Sleep-Disordered Breathing and Postoperative Outcomes After Bariatric Surgery: Analysis of the Nationwide Inpatient Sample

Sleep-disordered breathing (SDB) is increasingly recognized as a possible risk factor for adverse perioperative outcomes and although clinicians may expect SDB to be associated with increased risk of adverse postoperative outcomes after bariatric surgery, rates of postoperative complications after bariatric surgery have not been systematically compared in patients with and without SDB in a large, nationally representative sample.

To that end, we analyzed the Nationwide Inpatient Sample (NIS) database to quantify the impact of the diagnosis of SDB on in-hospital death, total charges, LOS, respiratory outcomes, and cardiac outcomes in 91,028 adult patients undergoing bariatric surgeries from 2004 to 2008. We found the prevalence of SDB to be 36% among patients undergoing elective bariatric surgery in the NIS database. After adjusting for important confounders, SDB was independently associated with significantly increased odds ratio of emergent endotracheal intubation, noninvasive ventilation, and atrial fibrillation. Moreover, emergent intubation occurred significantly earlier in the postoperative course in patients with SDB. These findings differ from what has been previously reported by Weingarten et al and the Longitudinal Assessment of Bariatric Surgery consortium who found that SDB was not associated with an increased likelihood of pulmonary complications in patients undergoing bariatric surgery. These 2 studies were performed in tertiary care academic centers whereas 42% of our patients had their surgery performed in a non-teaching hospital. Academic centers may have used multidisciplinary perioperative processes and pathways to identify and treat SDB more often than non-teaching hospitals.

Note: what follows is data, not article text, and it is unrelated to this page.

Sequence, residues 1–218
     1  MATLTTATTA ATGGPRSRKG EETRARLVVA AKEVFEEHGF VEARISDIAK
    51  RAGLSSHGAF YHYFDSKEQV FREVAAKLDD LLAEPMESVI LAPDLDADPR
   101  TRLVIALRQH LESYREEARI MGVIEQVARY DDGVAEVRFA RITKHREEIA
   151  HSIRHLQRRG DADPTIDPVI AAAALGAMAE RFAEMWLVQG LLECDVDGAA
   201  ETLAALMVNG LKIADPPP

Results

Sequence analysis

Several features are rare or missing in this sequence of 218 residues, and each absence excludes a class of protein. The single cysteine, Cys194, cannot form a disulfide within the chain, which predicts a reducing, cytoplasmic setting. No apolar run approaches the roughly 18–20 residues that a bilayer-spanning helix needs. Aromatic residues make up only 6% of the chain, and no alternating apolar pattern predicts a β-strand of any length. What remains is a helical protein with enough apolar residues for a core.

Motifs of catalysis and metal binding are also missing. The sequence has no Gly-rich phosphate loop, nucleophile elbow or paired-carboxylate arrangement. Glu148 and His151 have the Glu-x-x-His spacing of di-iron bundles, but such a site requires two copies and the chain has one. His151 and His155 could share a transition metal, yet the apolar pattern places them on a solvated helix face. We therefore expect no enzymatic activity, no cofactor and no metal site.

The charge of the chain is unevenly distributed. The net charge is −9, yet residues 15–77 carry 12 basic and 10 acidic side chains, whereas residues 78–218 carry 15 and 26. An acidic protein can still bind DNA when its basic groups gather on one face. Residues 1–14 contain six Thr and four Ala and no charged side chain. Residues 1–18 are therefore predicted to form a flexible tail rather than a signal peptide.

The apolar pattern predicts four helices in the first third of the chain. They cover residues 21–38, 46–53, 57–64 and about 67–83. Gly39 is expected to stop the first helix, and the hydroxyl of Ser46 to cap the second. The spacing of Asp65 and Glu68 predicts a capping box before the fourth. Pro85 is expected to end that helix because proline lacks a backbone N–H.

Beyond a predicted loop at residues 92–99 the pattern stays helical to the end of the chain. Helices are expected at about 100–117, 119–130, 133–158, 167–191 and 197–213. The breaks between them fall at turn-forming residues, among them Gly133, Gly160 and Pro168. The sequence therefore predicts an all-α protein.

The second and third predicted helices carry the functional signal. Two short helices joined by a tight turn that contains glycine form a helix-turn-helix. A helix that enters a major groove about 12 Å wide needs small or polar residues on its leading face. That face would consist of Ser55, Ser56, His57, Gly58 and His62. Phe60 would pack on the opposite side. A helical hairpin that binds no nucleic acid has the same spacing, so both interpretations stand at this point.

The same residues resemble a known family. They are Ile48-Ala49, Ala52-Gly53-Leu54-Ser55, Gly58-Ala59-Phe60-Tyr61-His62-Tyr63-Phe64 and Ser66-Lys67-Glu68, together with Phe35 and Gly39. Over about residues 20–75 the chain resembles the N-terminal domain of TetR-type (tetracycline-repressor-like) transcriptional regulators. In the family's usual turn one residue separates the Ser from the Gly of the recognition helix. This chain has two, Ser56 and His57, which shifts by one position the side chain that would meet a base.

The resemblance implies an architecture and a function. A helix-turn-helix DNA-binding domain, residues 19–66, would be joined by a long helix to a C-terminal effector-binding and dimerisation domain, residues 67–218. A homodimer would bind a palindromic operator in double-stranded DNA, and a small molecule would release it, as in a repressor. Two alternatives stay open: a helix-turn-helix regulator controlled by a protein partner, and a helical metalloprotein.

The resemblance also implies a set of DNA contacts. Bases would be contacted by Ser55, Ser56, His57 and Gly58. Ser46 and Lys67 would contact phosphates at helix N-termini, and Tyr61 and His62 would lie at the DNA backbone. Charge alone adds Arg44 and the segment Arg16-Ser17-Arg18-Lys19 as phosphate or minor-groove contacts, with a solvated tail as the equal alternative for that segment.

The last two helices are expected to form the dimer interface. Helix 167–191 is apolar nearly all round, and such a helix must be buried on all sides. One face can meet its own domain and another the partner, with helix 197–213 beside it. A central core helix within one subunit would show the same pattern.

Despite the increased association of SDB with postoperative complications, in our cohort the diagnosis of SDB was negatively associated with in-hospital mortality and resource use. SDB was independently associated with decreased mortality, total charges, and length of stay. Although non-SDB patients had an overall lower risk of emergent intubation compared to SDB patients, their outcomes were significantly worse when they did get emergently intubated. Other studies have demonstrated that SDB is not a risk factor for death in the postoperative bariatric setting, but why this association was in the opposite direction of what we expected is unclear. Our findings that SDB was not associated with increased length of stay and in-hospital mortality are in line with a recent single-center study by Lockhart et al of approximately 15, 000 presurgical patients.

In summary, using a large nationally representative database, we found that in patients undergoing bariatric surgery, SDB is independently associated with significant postoperative complications but not with increased in-hospital mortality, total charges, and length of stay.

Sleep-Disordered Breathing and Postoperative Outcomes After Elective Surgery: Analysis of the Nationwide Inpatient Sample